Anas strepera

  • Very local and stable
“There seems to be a difference of opinion among sportsmen as to the food value of the gadwall; some consider it a close second to the mallard and others say it is hardly fit to eat…” – Arthur Cleveland Bent, Life Histories of North American Wild Fowl

Regardless of differing opinions about its palatability, the subtly marked Gadwall has long been hunted in much of the US. Although Gadwalls may lack the bright hues of many other ducks, their subdued aesthetic has won them admiration from birders and sportsmen alike. A visitor (and sometimes intentional transplant) from the West, the Gadwall has likely never been a common breeding species in Massachusetts. Today, Gadwalls are regular but highly local breeders in the state, concentrated mostly at coastal freshwater ponds and a few inland sites.

Historic Status

Known colloquially as “Gray Ducks,” Gadwalls may have been inconsistently reported during the early part of the twentieth century. Plymouth County hunters, when questioned, remembered taking quite a few “Gray Ducks” but never knew them as Gadwalls. In point of fact, we may never know precisely how abundant the species once was in Massachusetts. We do know, however, that suggestions made by Edward Howe Forbush in the 1920s that the species might be a good breeder in the state were apparently taken to heart because introductions were made at Great Meadows National Wildlife Refuge in Concord and at the Felix Neck Wildlife Sanctuary on Martha’s Vineyard in 1971 in order to try and establish local breeding populations. Small groups subsequently established themselves at both the Parker River National Wildlife Refuge and the Monomoy National Wildlife Refuge.

Atlas 1 Distribution

The few breeding Gadwalls that were present during Atlas 1 were universally found east of the Worcester Plateau. Aside from the introduced birds at Great Meadows, all of the state’s breeding Gadwalls were found right along the coast. Several blocks in the northern Coastal Plains supported breeding Gadwalls, mostly clustered around Parker River National Wildlife Refuge. The Cape and Islands accounted for the remaining Gadwall records in Atlas 1, with 1 block each at Monomoy and the Elizabeth Islands and 3 around Felix Neck Wildlife Sanctuary on Martha’s Vineyard.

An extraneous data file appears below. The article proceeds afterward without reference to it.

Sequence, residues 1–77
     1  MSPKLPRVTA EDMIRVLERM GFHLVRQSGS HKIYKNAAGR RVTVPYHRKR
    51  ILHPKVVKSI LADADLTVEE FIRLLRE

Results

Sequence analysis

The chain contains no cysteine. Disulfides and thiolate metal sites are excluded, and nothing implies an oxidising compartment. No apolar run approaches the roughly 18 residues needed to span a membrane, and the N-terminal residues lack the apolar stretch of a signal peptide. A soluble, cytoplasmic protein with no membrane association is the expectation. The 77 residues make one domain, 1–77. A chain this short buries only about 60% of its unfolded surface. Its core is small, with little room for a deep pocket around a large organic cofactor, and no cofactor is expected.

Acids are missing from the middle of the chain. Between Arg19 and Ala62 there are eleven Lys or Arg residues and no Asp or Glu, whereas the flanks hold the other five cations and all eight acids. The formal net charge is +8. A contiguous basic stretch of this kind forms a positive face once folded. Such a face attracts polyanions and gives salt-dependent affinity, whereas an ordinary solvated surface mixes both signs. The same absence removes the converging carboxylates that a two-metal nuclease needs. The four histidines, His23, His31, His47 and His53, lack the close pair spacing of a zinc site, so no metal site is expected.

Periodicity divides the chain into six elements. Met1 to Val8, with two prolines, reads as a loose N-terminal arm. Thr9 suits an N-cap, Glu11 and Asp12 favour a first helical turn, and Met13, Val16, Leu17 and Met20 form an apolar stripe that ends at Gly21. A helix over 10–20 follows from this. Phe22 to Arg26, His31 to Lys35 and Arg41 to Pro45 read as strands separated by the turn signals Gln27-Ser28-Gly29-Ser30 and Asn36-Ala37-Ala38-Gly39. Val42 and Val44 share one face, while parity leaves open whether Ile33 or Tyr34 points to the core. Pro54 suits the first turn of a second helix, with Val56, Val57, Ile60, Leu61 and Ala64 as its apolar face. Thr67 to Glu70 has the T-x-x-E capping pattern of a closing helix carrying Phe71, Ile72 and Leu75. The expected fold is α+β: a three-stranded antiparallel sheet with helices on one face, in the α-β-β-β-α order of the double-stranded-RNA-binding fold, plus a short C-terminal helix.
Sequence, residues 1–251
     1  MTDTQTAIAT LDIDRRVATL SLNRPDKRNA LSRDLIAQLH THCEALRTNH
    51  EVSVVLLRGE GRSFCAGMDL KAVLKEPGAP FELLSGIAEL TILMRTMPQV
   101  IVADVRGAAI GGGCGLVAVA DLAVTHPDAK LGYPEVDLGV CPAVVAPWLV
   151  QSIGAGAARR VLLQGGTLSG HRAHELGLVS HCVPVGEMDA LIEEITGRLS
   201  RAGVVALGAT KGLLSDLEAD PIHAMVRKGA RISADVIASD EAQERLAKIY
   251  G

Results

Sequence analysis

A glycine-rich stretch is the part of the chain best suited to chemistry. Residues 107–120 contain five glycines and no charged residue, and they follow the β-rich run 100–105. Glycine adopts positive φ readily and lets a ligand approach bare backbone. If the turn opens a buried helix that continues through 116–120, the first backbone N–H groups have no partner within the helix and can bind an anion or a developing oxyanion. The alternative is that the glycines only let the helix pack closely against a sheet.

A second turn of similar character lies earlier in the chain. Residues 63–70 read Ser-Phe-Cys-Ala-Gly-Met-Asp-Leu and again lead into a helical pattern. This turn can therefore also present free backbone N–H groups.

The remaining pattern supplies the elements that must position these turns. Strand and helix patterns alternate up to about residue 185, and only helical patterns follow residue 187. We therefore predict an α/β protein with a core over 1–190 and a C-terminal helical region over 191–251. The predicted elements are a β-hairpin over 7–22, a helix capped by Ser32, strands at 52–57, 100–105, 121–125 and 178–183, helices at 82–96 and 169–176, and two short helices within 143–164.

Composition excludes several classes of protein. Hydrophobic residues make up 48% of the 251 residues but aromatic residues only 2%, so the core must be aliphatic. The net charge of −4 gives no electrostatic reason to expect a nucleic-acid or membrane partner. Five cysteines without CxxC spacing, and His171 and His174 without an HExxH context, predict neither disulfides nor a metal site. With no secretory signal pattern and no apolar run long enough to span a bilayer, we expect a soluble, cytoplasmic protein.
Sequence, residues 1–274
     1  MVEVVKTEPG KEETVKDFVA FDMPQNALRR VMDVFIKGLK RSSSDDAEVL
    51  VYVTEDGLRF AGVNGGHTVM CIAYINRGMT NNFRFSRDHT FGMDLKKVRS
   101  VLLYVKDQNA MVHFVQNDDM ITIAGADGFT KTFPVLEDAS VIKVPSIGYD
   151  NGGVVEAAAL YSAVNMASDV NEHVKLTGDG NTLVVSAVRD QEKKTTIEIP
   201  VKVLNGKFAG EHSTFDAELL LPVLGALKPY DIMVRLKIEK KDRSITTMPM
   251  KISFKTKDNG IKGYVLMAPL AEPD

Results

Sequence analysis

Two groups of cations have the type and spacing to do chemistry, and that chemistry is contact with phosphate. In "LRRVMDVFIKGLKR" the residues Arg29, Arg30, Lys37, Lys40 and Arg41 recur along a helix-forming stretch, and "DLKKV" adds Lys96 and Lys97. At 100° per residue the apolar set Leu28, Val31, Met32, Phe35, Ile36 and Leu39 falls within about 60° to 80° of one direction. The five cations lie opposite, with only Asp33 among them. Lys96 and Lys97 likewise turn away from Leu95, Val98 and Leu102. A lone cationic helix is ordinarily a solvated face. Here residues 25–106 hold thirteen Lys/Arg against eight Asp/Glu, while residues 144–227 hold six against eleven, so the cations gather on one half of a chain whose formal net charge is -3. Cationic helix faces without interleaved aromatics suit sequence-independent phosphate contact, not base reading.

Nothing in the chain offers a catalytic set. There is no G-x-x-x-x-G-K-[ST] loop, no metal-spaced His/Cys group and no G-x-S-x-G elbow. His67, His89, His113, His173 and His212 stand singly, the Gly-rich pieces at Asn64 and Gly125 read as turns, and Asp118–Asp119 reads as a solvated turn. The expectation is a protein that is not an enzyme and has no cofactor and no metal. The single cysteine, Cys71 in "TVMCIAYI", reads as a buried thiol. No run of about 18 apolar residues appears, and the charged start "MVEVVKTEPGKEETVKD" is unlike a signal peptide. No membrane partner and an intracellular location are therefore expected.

Atlas 2 Distribution and Change

Not much has changed for Gadwalls in Massachusetts since Atlas 1, when they were detected in 14 blocks. Atlas 2 surveys found them in 16 blocks, with a similar number of Confirmations as in Atlas 1. They have been persistent breeders in Essex County, and there were some new reports from the Bristol Lowlands as well as Nantucket. Their absence from Martha’s Vineyard seems to offset the gains from the new breeders on Nantucket. It is also possible that as a rare and very low -density breeder it may often be missed during Atlas surveys. The Gadwall is an interesting “boutique” breeding species in the state, but it is worth noting that this species is apparently persisting as a breeder without new releases.


Atlas 1 Map

Atlas 2 Map

Atlas Change Map


Ecoregion Data

 Atlas 1Atlas 2Change
Ecoregion# Blocks% Blocks% of Range# Blocks% Blocks% of RangeChange in # BlocksChange in % Blocks
Taconic Mountains00.
Marble Valleys/Housatonic Valley00.
Berkshire Highlands00.
Lower Berkshire Hills00.
Vermont Piedmont00.
Berkshire Transition00.
Connecticut River Valley00.
Worcester Plateau00.
Lower Worcester Plateau00.
S. New England Coastal Plains and Hills93.364.372.543.8-2-0.9
Boston Basin00.
Bristol and Narragansett Lowlands00.00.043.525.033.0
Cape Cod and Islands53.735.753.531.300.0
Statewide Total141.4100.0161.5100.010.1